This additional priority of sustainability cannot be added to current supply chain configurations. In reality, firms will need to be designed with sustainability in mind from the start, with aspects of sustainability included in every aspect of supply chain design, structure, and operation.
For many businesses, this will almost certainly require a shift in attitude, with risk, agility, and sustainability KPIs addressed alongside traditional ones focused on cost, capital consumption, service, and quality. To flourish in this supply chain dimension, culture change, technology investment, and operational management reforms will be required.
Because of the scale and complexity of global supply networks, supply chain technology must be used to identify areas of weakness and possibilities to enhance supply chain management. A supply chain visibility platform, for example, may be utilized to optimize the procurement process and reduce inventory carrying costs.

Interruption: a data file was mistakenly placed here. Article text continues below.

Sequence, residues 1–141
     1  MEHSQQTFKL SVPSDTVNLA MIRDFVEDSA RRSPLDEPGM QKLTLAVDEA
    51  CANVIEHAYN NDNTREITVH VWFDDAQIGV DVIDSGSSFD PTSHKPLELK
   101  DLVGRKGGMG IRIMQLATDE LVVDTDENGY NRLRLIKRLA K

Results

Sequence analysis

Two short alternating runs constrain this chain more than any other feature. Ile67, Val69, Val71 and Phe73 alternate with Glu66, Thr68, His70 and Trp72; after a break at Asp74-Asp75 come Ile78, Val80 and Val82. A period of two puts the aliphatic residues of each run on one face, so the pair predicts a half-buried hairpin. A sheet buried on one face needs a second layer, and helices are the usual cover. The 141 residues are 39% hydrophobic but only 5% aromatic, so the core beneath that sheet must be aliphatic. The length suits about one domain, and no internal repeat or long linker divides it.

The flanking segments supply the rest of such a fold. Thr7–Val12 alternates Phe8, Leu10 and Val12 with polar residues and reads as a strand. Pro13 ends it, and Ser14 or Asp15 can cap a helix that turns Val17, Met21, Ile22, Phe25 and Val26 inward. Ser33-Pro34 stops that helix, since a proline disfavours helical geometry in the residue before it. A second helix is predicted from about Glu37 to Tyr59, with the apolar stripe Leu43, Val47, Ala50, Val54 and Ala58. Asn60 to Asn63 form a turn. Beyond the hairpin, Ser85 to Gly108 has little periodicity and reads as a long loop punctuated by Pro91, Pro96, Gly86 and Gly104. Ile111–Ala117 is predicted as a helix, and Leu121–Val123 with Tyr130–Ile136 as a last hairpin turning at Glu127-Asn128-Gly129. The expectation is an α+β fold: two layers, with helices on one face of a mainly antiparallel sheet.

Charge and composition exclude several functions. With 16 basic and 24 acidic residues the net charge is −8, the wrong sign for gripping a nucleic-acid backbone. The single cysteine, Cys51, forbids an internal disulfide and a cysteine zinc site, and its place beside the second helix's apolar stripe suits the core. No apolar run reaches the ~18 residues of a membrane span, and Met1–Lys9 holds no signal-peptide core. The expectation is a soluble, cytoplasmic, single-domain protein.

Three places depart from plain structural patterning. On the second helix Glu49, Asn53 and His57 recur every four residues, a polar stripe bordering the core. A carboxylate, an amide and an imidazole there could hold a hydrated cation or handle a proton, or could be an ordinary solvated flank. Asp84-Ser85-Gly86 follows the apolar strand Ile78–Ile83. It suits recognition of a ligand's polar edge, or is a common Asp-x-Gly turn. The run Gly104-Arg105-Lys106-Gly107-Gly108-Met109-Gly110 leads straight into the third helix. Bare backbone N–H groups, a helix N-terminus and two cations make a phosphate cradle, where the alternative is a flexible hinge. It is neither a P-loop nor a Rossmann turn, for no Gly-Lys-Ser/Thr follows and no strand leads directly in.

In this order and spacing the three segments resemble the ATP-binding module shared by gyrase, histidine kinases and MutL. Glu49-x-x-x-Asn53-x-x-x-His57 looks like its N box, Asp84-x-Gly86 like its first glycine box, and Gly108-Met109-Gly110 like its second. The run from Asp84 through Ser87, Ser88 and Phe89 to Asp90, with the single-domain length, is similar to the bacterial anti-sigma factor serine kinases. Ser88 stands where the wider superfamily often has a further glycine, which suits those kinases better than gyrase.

Supply Chain Digitization with Agistix
Agistix can help you overcome all of your supply chain challenges with our high-end visibility software. Our key advantage is a quick, non-disruptive integration that requires no change to your regular business flow; however, after implementation, you will see results in as soon as four weeks.
Our extensive business expertise lets us offer a multifunctional, easy-to-use visibility solution to have your supply chain in the palm of your hand. Learn more about our supply chain platform solutions today.